½ strength reed. Also Meyers are great mouthpieces that have edge but aren't too bright. Highly recommended for alto players. Stick with the above reed strength and use a 4M, 5M, or 6M facing. Tenor players should can go with hard rubber or metal. Avoid giant baffles – they make your sound buzzy and shrill and you'll lose body and depth of tone. Otto Links are great mouthpieces, if you can find one that's well made. Try a few and compare them to each other, as they are sadly inconsistent in quality. A tip opening from 6* to 7* is appropriate for jazz and classical, with lower volumes more easily achieved with the 6* (it has a smaller tip opening). Meyers are o.k. for tenor too, but go with an equally wide tip opening. Match this with a 2 ½ to 3 ½ strength reed.

There you have it. Solid tips to help you become a solid player.

Your at the point where you've recently started improvising and you want to take this a little more seriously. Here's where it's at: the next level is for serious cats only. There's no point in wasting your time unless you expect to be able to commit to at least two hours of blowing time daily. This is the stage where you pay your dues.
I once heard it broken down like this: you gotta shed like crazy, getting all the patterns licks, and riffs, under your fingers that you can, learning tons of harmony theory, and then after a few years, forget it all and just let it flow naturally. You say “aw, I want to be a fluid, organic kind of player. I don't need to learn all of those patterns and that theory stuff.” Well, the point here is that it shouldn't sound like you are playing out of a text book, but you need to be able to call on that knowledge in a split second without thinking about it when the moment is right. You can tailor your studies to best suit the sound you want. I like minor keys personally, so over the years I've focused a lot on melodic minor scale patterns, modes, and transcriptions of solos over tunes in minor keys. Whatever your goal is you can achieve it if you practice efficiently, and put some solid effort into your studies.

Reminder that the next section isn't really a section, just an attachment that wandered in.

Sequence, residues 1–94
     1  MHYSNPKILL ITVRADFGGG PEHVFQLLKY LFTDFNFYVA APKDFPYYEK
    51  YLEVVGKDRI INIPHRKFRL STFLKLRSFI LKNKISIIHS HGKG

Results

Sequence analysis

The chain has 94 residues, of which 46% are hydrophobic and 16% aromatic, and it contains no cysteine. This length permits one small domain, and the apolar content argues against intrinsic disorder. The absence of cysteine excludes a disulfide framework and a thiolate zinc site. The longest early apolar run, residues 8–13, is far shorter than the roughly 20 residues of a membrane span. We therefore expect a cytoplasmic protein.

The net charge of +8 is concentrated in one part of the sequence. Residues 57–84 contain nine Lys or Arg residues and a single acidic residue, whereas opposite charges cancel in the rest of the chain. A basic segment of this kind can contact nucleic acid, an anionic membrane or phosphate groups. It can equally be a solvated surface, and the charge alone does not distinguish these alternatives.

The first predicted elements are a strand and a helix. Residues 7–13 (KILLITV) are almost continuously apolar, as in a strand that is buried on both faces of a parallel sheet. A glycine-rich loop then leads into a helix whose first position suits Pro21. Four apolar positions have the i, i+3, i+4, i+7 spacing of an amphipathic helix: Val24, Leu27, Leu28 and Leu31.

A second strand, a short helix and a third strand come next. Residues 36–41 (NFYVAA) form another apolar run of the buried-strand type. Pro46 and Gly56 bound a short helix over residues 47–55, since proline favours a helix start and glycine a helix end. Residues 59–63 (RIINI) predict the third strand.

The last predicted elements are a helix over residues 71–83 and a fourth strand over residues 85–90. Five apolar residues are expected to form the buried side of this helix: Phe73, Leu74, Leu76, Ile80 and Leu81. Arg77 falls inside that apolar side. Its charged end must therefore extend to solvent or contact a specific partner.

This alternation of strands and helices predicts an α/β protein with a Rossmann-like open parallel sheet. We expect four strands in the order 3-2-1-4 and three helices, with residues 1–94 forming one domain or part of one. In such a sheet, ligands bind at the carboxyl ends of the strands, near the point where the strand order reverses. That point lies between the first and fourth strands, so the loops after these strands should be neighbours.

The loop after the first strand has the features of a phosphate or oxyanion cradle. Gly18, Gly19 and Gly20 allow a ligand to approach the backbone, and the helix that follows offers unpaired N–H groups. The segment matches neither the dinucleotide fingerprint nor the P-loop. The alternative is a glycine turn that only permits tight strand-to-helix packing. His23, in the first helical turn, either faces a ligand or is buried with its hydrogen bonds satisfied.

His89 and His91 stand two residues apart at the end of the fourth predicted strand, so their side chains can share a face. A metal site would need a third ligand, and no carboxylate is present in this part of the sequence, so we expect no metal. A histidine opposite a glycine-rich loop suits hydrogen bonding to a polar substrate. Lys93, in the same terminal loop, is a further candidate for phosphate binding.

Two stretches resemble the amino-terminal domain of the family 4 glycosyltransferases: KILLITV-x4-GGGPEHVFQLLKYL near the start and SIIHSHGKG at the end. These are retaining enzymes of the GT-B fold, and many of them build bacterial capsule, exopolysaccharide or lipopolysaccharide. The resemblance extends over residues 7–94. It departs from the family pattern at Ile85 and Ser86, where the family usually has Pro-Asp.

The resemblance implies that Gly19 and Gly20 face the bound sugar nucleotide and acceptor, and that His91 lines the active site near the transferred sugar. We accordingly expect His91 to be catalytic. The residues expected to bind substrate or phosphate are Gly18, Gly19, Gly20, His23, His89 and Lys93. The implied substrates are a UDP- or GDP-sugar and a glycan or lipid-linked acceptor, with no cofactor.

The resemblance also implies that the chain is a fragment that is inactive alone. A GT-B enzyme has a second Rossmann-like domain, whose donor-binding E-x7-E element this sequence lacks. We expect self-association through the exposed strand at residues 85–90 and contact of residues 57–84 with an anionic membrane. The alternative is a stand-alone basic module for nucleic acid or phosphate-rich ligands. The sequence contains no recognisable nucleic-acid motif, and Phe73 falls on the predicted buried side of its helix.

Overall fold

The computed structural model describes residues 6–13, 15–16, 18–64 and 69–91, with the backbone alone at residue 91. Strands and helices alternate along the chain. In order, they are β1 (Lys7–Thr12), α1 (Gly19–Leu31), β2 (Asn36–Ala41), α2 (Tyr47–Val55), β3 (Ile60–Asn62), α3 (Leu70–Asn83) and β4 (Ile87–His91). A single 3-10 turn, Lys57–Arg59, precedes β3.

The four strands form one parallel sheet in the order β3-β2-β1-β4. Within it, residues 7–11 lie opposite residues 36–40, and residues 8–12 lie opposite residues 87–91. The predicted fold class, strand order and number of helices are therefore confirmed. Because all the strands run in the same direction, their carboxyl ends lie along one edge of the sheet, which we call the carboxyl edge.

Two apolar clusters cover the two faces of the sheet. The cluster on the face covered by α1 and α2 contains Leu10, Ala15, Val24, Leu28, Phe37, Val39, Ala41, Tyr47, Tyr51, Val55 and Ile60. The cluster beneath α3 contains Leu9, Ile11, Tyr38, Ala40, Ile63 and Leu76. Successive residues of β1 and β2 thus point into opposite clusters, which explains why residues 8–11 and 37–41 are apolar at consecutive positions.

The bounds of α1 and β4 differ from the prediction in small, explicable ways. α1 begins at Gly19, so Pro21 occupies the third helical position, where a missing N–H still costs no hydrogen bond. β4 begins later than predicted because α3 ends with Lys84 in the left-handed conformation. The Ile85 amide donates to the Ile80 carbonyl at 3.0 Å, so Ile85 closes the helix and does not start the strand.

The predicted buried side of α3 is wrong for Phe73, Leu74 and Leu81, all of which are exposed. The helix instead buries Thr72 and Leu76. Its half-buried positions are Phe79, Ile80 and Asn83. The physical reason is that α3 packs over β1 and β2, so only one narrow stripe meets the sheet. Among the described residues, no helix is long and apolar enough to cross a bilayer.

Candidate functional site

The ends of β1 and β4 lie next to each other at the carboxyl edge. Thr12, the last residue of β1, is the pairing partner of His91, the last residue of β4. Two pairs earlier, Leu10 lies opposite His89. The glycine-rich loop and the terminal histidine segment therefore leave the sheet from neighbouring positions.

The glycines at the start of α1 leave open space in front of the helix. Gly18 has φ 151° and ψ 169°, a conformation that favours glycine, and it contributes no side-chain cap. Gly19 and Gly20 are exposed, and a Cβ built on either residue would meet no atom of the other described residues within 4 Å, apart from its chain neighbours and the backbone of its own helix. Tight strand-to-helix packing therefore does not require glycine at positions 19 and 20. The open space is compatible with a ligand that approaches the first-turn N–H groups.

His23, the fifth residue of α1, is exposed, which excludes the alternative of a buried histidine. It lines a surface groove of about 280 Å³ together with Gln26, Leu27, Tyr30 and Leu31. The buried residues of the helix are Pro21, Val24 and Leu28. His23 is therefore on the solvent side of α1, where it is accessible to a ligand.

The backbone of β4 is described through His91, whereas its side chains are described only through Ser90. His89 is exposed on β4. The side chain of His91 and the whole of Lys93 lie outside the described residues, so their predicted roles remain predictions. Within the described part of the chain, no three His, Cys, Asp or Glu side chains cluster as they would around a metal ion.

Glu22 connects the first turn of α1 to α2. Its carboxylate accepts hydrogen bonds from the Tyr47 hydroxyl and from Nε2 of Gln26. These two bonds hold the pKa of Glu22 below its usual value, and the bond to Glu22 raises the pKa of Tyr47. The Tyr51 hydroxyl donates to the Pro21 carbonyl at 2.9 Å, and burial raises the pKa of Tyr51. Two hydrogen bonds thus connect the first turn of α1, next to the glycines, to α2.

What you should be practicing is transcribing, memorizing tunes and applying riffs and patterns directly to specific changes in specific songs, and tonal exercises like long tones with dynamics and overtone exercises. I won't get into a long drawn out music lesson right here and now. My aim in writing this is to just point players in the right direction so that they don't waste countless hours in their basement learning the wrong things.

Jam lots. Nothing replaces real people jamming out and learning the dynamics of a solid jazz band. Go to local jam sessions and let yourself get schooled – if you aren't humble enough for that you can just stay in your basement with your Aebersold play-alongs and keep on doing your own thing. You'll get there one day, and the sooner, the better.